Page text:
GM Alexander Grischuk showed his formidable blitz skill by defeating his compatriot GM Ian Nepomniachtchi in the most brilliant and complicated Speed Chess Championship match of the season.
The match outcome was a triumph of statistics: 65 percent of participants in the fantasy prediction contest chose Grischuk over Nepo. The SmarterChess match prediction model considered Grischuk the favorite with 63 percent certainty and his score 17.5/28 makes exactly 63 percent of possible points.
The statistics cannot fully grasp what happened on board, especially in the first third of the match, as Nepo continually got positional and material advantages, and played much faster. However, with cunning defense Grischuk minimized the damage and after 1.5 hours the score was even.
Nepo himself described what happened in the remainder of the match: “I was really mad at some point about this and that’s why I couldn’t control my emotions too well in the 3+1 section and at some point I started tilting and it never goes well. I lost that section minus-three and Sasha is really better in bullet. It was a logical outcome.”
The Chess.com SmarterChess predictions proved to be really smart.
Lost opportunities: 5|1
The starting game was smoothly won by Nepo who grabbed an isolated pawn in the center and accurately increased his advantage, which became decisive in the endgame. “Ian is extremely good in such positions with a small edge and no risk,” said Grischuk after the match.
IM Danny Rensch, who was commenting on the match, said game three became “an epic collapse by Nepo,” who hung a pawn and very nearly went from winning to losing. Kudos to Grischuk who played half of the game with only 10 seconds left.
“I think there’s only several people in my life who love time-trouble this much,” said co-host GM Robert Hess.
Game seven was another success for White and important for mainstream opening theory, which is a rarity in Speed Chess matches, where the opponents usually try experiments and avoid their favorite OTB openings.
Last month in Dortmund, on his birthday, Nepomniachtchi played this variation against GM Anish Giri, and got the decisive advantage by doubling rooks on e-file and pushing forward the h-pawn to attack on the kingside (after some mutual errors the game was drawn).
Now he used an absolutely different plan, pushing forward the a-pawn to weaken the opponent’s queenside. Lines opened, the white rook entered the seventh row and the mating threats followed.
Nepomniachtchi thought he should have led +2 or even +3 after the first section.
The spectacular game eight made Nepo mad: “I lost on time [in] the game where I have had a forced checkmate.” Objectively, the endgame was won for him, but there was no forced checkmate, although Nepo spent his last seconds looking for it. An opposite outcome could have driven Grischuk mad, whose advantage in the opening was overwhelming.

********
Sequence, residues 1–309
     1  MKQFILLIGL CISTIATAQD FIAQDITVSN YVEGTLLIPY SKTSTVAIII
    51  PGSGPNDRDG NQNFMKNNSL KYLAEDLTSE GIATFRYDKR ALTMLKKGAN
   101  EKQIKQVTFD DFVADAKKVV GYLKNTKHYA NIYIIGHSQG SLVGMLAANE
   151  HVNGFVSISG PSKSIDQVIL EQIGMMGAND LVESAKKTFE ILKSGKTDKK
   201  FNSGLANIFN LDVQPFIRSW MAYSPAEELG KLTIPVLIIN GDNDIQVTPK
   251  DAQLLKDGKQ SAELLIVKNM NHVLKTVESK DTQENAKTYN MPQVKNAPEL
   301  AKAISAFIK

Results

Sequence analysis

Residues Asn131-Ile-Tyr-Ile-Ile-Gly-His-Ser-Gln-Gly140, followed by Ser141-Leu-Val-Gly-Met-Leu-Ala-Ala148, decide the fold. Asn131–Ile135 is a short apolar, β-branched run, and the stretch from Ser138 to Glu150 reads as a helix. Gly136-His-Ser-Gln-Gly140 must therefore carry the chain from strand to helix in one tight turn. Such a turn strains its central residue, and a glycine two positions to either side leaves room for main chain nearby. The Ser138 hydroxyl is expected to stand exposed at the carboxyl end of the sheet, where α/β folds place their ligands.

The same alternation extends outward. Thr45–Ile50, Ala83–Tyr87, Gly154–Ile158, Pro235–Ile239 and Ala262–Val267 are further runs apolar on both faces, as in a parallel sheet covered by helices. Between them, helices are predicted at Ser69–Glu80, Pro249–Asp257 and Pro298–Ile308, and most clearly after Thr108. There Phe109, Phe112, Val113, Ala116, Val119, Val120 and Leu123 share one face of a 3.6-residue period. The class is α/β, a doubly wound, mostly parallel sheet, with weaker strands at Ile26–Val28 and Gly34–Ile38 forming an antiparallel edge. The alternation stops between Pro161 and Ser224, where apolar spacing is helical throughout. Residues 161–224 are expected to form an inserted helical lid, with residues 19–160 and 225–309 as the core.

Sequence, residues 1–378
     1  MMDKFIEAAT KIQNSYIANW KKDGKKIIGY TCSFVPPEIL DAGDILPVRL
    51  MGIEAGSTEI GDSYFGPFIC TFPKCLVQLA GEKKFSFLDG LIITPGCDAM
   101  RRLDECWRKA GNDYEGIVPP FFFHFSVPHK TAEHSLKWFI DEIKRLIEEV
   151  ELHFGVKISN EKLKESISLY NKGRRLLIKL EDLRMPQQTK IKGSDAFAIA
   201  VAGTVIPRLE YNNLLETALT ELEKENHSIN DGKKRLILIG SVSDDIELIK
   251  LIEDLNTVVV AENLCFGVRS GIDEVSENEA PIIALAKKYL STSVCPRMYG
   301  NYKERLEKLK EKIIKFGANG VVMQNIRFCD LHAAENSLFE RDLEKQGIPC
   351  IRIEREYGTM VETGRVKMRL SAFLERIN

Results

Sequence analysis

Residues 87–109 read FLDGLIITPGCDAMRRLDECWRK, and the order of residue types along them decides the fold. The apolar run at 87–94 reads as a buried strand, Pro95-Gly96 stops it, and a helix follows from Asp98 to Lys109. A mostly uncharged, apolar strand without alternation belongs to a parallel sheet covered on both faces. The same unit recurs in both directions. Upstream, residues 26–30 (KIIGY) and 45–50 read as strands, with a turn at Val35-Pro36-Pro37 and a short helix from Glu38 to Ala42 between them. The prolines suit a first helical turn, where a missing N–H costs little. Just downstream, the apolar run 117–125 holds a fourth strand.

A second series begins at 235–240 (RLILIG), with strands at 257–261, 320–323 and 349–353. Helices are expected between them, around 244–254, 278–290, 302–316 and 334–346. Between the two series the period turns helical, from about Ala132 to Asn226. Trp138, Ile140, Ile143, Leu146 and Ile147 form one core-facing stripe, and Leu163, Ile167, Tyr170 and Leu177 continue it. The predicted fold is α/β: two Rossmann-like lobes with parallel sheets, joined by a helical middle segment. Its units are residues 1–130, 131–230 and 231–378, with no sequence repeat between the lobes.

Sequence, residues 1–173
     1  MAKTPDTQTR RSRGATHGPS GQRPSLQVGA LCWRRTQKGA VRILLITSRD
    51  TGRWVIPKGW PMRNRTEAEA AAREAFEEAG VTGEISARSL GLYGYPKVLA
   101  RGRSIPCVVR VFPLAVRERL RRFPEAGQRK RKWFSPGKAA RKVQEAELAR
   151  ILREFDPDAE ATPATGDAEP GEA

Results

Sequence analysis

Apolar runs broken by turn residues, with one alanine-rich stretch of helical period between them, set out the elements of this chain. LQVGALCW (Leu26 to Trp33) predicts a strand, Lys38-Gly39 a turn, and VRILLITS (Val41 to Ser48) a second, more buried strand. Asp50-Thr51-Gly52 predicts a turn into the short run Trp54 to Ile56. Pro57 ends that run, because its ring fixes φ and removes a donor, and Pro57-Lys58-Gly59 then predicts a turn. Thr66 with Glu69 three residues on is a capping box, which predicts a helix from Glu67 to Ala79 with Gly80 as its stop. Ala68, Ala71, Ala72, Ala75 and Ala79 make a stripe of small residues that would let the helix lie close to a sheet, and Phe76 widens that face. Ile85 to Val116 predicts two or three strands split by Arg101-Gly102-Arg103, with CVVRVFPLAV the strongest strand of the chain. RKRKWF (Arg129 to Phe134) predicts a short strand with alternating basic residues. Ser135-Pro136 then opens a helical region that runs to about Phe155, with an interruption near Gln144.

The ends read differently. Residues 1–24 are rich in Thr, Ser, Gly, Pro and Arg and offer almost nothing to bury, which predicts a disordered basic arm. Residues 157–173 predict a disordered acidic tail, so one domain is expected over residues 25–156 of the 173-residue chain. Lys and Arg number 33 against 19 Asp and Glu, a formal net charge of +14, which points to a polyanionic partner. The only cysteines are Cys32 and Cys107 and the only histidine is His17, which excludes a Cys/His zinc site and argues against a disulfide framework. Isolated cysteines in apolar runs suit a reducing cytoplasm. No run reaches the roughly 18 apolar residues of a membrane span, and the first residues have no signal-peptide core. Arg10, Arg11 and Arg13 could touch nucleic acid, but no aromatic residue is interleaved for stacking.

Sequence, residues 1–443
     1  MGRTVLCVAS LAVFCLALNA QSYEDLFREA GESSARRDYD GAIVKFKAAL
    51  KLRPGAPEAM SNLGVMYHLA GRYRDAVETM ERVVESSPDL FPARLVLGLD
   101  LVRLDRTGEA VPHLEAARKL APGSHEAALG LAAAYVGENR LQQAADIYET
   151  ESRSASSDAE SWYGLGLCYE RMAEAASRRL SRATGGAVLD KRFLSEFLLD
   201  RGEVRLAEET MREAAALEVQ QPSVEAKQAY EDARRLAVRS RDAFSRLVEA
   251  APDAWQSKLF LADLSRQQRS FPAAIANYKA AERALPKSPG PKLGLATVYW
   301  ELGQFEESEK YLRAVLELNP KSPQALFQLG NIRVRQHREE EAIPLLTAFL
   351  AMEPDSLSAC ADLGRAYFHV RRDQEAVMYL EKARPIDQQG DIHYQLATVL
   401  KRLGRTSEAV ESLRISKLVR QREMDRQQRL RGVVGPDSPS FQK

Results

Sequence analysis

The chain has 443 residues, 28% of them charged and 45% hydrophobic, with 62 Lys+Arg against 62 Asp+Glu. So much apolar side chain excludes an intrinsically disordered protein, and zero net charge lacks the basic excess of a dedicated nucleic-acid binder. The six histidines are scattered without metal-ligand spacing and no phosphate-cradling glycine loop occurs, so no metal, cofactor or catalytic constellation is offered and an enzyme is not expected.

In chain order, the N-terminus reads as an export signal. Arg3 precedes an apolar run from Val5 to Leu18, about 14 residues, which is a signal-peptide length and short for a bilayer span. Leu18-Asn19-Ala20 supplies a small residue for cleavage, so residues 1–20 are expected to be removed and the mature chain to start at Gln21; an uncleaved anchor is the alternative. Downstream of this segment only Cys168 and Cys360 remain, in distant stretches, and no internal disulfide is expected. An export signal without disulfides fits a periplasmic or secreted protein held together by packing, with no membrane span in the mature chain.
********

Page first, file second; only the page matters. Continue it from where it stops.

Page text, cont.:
Score: 5|1 Time Control
Lost Temper: 3|1
After 90 minutes of play, Nepo began to crack and made several blunders in game 11. Grischuk won with Black, grabbed the lead and never released it.
Grischuk proved once again that nobody except for the world champion can be his rival in blitz.
Nepo could win just one game in the 3+1 section. The position for a long time remained fairly equal, but finally the h-file occupied by the black rook and weakness of the white squares allowed his mating threats to take shape.
Score: 3|1 Time Control
Lost hope: 1|1
The match was not yet decided by the three-point advantage, but Grischuk dominated in 1+1 games, like he did in 3+1 section. After a draw at the start, Nepo sealed his fate in game 20, where he chose a passive setup with Black and continued playing cooperatively, finally letting his knight be caught by a pawn.
Grischuk continued playing solidly and profited from risky moves by Nepo, who had to resign again in game 25, where his bishop was pinned and about to be captured. In game 26, Grischuk got a strong attack and Nepo resigned before any decisive moves, admitting that resistance is futile. “Nepo’s gone full tilt,” said Rensch.
When the score left Nepo no hope to catch up and Grischuk was in no danger to be overrun, Nepo won two games out of the final three, slightly improving the overall result.
Game 27, where the black king hid behind triple pawns, was the funniest.
Score: 1|1 Time Control
With this win, Grischuk advances to the Speed Chess quarterfinals, where he will play the winner of the GM Sergey Karjakin vs. GM Jan-Krzysztof Duda match, where Karjakin is a clear favorite. Grischuk said that GM Magnus Carlsen is clear number-one in blitz and Karjakin shares 2-3 with Nakamura, but such a matchup is OK for him: “I want to play with the strongest,” he said.
As for the prizes, Grischuk earned $1,666.95 and Nepomniachtchi: $460.05. Of the total prize fund, $127 was donated by the chess community on Twitch.